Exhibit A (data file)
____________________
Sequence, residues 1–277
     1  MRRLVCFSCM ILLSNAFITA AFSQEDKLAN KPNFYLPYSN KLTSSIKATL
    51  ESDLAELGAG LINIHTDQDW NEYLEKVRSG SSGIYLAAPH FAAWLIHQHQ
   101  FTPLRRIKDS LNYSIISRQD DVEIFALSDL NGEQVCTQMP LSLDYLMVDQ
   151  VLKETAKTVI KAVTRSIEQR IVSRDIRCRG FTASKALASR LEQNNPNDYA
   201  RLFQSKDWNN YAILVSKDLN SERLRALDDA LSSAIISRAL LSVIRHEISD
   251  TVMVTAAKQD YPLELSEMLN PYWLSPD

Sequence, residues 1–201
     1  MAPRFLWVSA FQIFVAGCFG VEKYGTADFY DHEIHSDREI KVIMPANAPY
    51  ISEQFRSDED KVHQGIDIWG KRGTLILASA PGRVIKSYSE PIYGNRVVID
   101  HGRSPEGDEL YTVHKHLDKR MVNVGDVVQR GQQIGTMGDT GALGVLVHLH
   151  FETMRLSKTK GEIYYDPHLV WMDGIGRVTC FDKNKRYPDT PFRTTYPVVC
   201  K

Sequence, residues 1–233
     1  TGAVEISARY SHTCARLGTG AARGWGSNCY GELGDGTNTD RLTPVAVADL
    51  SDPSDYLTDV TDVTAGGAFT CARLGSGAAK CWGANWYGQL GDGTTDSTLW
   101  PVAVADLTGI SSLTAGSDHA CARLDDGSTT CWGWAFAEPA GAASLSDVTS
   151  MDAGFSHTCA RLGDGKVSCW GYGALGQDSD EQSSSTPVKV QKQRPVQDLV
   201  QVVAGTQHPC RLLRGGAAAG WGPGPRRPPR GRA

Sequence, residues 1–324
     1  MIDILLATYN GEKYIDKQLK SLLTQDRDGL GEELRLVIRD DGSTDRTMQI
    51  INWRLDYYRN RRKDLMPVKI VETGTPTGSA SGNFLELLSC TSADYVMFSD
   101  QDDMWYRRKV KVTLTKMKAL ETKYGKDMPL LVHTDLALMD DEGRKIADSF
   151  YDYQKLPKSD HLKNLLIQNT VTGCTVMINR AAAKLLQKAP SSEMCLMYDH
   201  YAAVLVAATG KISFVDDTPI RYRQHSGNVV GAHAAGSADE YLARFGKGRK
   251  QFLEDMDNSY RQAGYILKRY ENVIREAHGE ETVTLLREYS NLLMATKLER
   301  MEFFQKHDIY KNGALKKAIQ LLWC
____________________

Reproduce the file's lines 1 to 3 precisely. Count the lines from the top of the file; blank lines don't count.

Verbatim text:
Sequence, residues 1–277
     1  MRRLVCFSCM ILLSNAFITA AFSQEDKLAN KPNFYLPYSN KLTSSIKATL
    51  ESDLAELGAG LINIHTDQDW NEYLEKVRSG SSGIYLAAPH FAAWLIHQHQ